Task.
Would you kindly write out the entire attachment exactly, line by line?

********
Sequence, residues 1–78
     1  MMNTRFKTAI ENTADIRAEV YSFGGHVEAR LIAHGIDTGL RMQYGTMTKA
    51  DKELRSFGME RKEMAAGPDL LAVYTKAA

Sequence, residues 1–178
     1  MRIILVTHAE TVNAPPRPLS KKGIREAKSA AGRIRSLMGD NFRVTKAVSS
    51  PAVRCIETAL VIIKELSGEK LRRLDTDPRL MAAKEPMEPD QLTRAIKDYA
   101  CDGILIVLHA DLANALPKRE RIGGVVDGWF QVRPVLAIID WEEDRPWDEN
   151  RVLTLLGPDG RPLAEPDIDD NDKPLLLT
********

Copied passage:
Sequence, residues 1–78
     1  MMNTRFKTAI ENTADIRAEV YSFGGHVEAR LIAHGIDTGL RMQYGTMTKA
    51  DKELRSFGME RKEMAAGPDL LAVYTKAA

Sequence, residues 1–178
     1  MRIILVTHAE TVNAPPRPLS KKGIREAKSA AGRIRSLMGD NFRVTKAVSS
    51  PAVRCIETAL VIIKELSGEK LRRLDTDPRL MAAKEPMEPD QLTRAIKDYA
   101  CDGILIVLHA DLANALPKRE RIGGVVDGWF QVRPVLAIID WEEDRPWDEN
   151  RVLTLLGPDG RPLAEPDIDD NDKPLLLT